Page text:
UTØYA — JULY 22
DIRECTOR Erik Poppe
CAST Andrea Berntzen, Solveig Koløen Birkeland, Aleksander Holmen
PLOT On 22 July 2011, a home-grown right-wing extremist committed two terror attacks in Norway: a car bomb in Oslo’s government quarter, then, 40km north-west on the island of Utøya, a massacre at the Norwegian Labour Party’s Youth League summer camp. Utøya — July 22 revisits the tragic day. IN NORWAY, ‘JULY 22’ is their 9/11 — the day that scarred the nation’s psyche. Seven years on, some say it’s still too soon for dramatisation, yet two films have been made nevertheless — this one, by Norway’s own Erik Poppe, and Paul Greengrass’ take (22 July) for Netflix. The latter takes in multiple perspectives, telling the broader story; Poppe sticks with the children.
He begins with genuine CCTV footage from the Oslo attack, then switches to Utøya, where the teenagers have heard the news. Some are politicised, some concerned, some indifferent — they’re teenagers. And although Poppe interviewed more than 40 survivors, the characters here are fictional. But the naturalism of the cast and their chemistry immediately imbues the film with humanity, and is further heightened by the technique: one take, one shot, real time, no music. The oneand-done camera conceit (executed here by documentary photographer Martin Otterbeck) has rarely felt as justified, removing artifice as much as possible, sticking you on the island among it all. Seventeen minutes in, gunshots are heard, precipitating instant panic as the film flips: from here it is a constant heart attack. Think the climactic segment of Children Of Men, but forever. It is the constant sound of children in peril, and worse, with little respite.
Yet it is respectful. This is not Battle Royale — it is consistently gruesome in its tension, but never gratuitous. Poppe has infinite opportunities to cheapen proceedings, yet he doesn’t. That’s not to say there’s no fabrication: we meet 18-year-old Kaja (Berntzen) first, and stay with her throughout — screenwriters Siv Rajendram Eliassen and Anna Bache-wiig have her traverse the island, giving us a sense of the scope of what happened, travelling through different stories. The film does seem a little more constructed towards the end as it searches for character arcs.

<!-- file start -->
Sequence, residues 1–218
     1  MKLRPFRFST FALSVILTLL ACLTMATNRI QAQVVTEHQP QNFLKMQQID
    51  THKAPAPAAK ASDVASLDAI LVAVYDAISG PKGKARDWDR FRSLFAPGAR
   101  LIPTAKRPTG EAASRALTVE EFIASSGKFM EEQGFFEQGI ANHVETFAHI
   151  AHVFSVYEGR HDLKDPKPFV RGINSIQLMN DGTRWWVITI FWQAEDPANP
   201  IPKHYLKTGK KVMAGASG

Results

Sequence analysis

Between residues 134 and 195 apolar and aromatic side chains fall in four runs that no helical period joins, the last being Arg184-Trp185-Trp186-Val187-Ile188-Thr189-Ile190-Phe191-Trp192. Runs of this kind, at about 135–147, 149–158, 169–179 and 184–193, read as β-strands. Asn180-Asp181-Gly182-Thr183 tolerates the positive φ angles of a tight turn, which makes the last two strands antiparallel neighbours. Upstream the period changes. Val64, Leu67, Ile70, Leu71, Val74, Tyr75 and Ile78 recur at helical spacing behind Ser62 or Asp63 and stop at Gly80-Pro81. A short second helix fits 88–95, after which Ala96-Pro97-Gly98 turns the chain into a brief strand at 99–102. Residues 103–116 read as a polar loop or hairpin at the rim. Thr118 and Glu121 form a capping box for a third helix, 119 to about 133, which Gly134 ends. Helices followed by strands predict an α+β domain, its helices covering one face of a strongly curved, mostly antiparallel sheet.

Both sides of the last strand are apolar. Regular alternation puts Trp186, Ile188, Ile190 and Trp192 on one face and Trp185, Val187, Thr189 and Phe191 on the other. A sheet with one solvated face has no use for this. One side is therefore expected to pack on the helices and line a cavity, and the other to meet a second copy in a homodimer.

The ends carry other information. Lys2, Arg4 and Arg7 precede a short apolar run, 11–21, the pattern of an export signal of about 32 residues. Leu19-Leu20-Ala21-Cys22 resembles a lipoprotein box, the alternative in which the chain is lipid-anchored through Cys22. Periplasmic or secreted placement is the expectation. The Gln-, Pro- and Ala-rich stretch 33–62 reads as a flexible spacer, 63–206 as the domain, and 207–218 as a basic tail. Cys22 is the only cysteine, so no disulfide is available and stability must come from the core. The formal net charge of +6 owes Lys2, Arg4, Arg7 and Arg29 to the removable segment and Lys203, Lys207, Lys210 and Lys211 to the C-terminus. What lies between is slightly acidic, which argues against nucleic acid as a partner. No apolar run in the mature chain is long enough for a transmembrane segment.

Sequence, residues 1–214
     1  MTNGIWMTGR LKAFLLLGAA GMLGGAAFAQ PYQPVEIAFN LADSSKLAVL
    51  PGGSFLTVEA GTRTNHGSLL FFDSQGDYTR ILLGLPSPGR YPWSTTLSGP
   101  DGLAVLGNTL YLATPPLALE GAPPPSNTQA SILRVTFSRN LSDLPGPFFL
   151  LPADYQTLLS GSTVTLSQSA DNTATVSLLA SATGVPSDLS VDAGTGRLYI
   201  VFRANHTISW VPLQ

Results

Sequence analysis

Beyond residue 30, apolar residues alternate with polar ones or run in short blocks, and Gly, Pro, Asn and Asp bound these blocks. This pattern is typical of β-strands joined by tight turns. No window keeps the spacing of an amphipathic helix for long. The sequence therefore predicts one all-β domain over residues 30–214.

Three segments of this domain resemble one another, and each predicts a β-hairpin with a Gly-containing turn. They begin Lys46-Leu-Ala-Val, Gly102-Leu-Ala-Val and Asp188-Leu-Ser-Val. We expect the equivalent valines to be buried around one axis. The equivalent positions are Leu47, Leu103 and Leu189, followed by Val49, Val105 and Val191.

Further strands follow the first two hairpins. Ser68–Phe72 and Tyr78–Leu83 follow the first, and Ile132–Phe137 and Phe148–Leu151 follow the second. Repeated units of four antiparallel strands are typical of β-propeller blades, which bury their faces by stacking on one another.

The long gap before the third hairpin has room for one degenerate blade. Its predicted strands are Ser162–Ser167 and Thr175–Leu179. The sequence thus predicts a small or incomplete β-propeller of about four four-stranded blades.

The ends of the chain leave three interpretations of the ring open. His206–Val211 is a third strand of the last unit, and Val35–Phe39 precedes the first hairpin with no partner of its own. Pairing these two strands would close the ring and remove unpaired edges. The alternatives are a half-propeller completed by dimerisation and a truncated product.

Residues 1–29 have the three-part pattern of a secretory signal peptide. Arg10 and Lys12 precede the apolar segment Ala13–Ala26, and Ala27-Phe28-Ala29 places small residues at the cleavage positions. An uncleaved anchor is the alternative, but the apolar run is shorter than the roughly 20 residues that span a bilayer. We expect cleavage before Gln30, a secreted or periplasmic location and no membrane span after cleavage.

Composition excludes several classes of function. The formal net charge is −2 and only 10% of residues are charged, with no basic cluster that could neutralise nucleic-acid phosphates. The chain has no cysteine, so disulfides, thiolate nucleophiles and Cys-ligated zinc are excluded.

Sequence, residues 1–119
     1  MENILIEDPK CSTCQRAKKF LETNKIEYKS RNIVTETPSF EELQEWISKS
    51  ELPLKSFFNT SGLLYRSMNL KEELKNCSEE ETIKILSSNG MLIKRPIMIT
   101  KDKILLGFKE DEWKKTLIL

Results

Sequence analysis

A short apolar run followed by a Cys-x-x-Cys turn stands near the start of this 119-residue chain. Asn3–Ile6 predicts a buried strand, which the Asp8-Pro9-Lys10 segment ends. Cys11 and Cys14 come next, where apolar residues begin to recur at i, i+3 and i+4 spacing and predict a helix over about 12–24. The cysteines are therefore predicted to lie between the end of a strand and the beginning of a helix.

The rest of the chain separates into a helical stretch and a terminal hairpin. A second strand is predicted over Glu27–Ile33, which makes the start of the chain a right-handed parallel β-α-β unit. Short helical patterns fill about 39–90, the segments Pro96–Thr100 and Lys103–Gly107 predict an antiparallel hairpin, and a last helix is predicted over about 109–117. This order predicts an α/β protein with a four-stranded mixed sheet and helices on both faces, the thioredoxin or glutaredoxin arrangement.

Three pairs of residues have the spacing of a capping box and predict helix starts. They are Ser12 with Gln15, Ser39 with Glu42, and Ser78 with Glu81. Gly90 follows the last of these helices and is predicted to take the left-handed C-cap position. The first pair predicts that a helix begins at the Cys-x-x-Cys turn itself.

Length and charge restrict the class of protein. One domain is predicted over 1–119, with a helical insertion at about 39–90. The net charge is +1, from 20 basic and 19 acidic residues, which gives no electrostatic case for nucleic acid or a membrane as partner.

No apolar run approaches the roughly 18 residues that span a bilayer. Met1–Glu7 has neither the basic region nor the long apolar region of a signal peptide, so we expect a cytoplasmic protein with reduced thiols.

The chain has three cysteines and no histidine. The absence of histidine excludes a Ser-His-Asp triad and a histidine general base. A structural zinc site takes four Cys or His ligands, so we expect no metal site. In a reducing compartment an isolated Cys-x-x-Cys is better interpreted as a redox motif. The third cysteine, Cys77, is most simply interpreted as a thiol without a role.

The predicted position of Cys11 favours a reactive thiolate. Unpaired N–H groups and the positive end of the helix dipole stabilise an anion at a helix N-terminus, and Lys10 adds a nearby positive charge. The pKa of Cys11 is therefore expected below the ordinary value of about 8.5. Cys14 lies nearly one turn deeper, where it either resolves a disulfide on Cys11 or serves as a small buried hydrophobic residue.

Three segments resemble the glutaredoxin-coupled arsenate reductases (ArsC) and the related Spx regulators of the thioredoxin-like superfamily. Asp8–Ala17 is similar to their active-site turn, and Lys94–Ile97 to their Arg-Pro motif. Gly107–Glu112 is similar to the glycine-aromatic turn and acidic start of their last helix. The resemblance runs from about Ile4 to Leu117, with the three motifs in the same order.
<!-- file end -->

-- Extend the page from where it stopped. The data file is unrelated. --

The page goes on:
This, though, is fine — it’s not a documentary, and we need something to hang on to. “You’ll never understand,” Kaja says to the camera, to us, at the start, before it’s revealed she’s on the phone to her mother. We won’t understand; such things are beyond comprehension. But Poppe wants us to feel, which can be hard to do in the face of daily global atrocities, where massacres are wrapped in politics, and victims become statistics. He succeeds — the film leaves you bereft.
The attacker is physically featured maybe three times, and in fleeting, almost abstract glimpses. He’s certainly not named — in this telling of events, he is not afforded such humanity. Time and again we hear, we say, how wrong it is to focus on the terrorists, giving them the glory they crave. That the story should belong to the victims. Over time, inevitably, that is rarely the case. For these 97 minutes at least, Poppe redresses that balance.
VERDICT Utøya — July 22 is hardgoing, as it should be — there was no solace in this situation, and the film mirrors the terror, turning us all into these kids’ parents.
Andrea Berntzen’s Kaja registers the horror.